WASHINGTON – Rockville fell from the second-largest city in the state in 1990 to the fifth-largest in 2000, outpaced by booming growth of more than 30 percent each in Frederick, Gaithersburg and Bowie.
Rockville’s population, by comparison, grew by just 5.7 percent in the decade, according to 2000 census data released Monday.
Baltimore easily retained the No. 1 ranking among cities in the state, despite a drop of 11.5 percent, or 84,860 people. The city’s 2000 population was still more than 12 times higher than current No. 2, Frederick.
While officials in the cities that moved up in the rankings said they welcomed the move, they were not crowing about it Tuesday.
“We’re very, very pleased to have everyone here. But it’s not necessarily what ranking we are in the state of Maryland that’s important,” said Gaithersburg Mayor Sidney A. Katz. “Bigger is not necessarily better — better is better.”
Gaithersburg is in third place in the new rankings, just 154 residents behind No. 2 Frederick and its 2000 population of 52,767.
Frederick Mayor Jim Grimes said his city has grown steadily because of its emphasis on attracting businesses. That has helped push up the population by turning Frederick from a “one-time bedroom community” to a place where residents can both live and work, he said.
Grimes said Frederick has another advantage that some other cities do not — it has more land to build on.
“Rockville and Gaithersburg, they don’t have the land mass,” said Grimes, who said he was not surprised by the 2000 census figures because he has noticed a little growth every year.
While Gaithersburg has only about 10 square miles of land to Frederick’s approximately 23, its Smart Growth initiatives have helped push the city to third place, Katz said. Since 1990, the city has built residential units in three areas of the city — Market Square, Washingtonian Center and Old Town Gaithersburg — in which pedestrian-friendly developments attracted more people to the city, he said.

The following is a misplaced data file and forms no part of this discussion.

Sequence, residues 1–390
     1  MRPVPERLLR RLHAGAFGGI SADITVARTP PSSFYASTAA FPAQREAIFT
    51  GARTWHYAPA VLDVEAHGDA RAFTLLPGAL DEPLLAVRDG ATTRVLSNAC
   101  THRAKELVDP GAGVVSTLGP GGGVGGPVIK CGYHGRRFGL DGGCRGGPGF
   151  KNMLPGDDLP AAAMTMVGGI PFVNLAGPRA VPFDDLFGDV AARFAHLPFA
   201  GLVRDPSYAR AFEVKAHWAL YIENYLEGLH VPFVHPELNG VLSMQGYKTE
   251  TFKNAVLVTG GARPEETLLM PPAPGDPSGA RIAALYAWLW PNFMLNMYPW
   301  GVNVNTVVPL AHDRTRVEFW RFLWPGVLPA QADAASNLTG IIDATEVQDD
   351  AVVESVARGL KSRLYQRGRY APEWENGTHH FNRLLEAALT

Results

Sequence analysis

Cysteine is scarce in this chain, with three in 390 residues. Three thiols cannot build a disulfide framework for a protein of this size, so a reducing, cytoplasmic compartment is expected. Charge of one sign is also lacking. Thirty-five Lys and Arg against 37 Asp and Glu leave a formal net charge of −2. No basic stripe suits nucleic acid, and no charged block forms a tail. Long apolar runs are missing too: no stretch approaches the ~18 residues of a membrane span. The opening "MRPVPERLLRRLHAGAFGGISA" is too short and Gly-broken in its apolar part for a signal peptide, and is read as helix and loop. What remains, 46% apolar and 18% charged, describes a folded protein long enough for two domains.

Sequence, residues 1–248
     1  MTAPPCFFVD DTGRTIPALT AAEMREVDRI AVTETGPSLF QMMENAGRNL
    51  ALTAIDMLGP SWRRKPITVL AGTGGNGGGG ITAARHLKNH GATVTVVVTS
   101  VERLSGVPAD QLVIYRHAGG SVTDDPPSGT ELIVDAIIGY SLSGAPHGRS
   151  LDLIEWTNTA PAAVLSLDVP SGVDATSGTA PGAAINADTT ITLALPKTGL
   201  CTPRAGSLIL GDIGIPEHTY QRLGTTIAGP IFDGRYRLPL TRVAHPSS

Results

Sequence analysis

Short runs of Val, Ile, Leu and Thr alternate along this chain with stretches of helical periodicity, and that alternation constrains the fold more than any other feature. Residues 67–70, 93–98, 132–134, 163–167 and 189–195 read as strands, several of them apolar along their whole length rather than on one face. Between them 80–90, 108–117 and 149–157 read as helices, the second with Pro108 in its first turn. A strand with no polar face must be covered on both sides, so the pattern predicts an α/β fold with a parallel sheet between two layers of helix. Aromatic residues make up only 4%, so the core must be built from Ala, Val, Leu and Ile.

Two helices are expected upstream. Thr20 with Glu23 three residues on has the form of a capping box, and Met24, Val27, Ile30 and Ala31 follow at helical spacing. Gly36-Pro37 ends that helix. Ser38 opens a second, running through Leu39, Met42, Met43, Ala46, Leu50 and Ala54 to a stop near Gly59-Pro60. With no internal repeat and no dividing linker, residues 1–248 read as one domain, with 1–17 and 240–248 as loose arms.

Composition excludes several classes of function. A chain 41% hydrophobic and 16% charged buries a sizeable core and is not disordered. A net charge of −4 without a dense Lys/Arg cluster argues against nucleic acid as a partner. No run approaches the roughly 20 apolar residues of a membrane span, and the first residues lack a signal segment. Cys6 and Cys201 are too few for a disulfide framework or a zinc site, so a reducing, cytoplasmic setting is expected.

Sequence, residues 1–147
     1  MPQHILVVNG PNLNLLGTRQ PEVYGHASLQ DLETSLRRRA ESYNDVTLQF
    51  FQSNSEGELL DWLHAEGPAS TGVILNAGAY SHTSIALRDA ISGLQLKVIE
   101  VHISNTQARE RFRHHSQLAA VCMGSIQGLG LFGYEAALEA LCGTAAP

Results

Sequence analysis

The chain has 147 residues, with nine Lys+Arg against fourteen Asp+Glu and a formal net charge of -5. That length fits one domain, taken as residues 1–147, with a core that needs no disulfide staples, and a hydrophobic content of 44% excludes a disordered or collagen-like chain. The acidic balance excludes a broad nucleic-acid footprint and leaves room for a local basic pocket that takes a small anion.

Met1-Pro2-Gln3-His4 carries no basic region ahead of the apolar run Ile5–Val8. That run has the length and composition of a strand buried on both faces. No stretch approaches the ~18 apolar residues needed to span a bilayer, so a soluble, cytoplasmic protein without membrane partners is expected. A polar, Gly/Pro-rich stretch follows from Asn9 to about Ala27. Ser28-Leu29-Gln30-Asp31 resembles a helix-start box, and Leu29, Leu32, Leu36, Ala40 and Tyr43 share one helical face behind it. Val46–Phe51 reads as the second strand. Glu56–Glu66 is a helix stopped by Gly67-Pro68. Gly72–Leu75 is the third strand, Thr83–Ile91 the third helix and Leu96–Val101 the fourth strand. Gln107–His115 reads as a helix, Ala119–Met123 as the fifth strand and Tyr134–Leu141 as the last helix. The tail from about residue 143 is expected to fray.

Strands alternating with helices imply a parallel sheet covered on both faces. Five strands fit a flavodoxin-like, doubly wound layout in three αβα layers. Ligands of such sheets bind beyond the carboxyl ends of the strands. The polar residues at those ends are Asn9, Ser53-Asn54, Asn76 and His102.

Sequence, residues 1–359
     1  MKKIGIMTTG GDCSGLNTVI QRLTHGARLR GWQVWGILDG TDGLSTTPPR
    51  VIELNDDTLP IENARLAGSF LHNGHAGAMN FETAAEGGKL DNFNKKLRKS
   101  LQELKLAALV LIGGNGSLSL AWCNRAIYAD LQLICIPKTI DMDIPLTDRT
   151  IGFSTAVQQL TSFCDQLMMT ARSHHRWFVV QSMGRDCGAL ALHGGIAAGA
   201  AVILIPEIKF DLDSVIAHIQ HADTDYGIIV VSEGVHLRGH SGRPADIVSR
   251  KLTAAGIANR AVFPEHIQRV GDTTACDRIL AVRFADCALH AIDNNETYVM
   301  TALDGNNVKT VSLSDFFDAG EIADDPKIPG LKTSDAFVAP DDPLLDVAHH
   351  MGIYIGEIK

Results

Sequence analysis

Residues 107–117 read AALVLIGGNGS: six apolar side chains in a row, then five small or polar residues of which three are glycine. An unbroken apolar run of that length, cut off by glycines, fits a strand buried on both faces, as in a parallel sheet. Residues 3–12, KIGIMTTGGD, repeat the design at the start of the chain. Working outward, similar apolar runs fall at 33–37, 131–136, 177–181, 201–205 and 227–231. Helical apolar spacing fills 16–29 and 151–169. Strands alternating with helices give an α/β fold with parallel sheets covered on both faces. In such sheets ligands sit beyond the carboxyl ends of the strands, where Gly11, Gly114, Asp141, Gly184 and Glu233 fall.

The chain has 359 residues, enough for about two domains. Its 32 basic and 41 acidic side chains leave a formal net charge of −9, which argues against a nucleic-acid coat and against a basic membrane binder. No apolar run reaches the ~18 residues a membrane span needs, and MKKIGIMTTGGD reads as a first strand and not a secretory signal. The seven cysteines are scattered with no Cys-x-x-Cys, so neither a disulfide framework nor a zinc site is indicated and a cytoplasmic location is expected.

Rockville’s city manager also pointed to land as one reason why the city’s population grew more slowly than cities such as Frederick and Bowie. Rockville has less available land, and it tends to be more expensive, said City Manager Mark Pentz.
“Rockville is just a more expensive place to live,” Pentz said. “We support growth, but at the same time we want to make sure it’s managed and controlled properly.”
Rockville’s population should increase once two new town centers are completed, adding a total of about 4,700 more residential units, Pentz said. But those centers — King Farm and Falls Grove developments — are also eating up the last 850 acres of large open spaces in the city.
The only Maryland city in the top 15 to lose population, besides Baltimore, is Cumberland. It lost 2,188 residents as its population fell to 21,518 in 2000, a 9.2 percent drop.
A city official said one reason for the drop may be the lingering effect of the closing of one of the city’s largest employers, Kelly-Springfield Tires, which shuttered a Cumberland plant in the mid-1980s and closed its corporate headquarters last year.
Aging housing and no more room for expansion may be other reasons why Cumberland’s population has decreased, said Vicki Swink, the city’s community development specialist.
“Of course we’re disappointed,” said Swink, who added that several upcoming tourism and economic development projects should help. “We’re hoping this is as bad as it’s going to get.”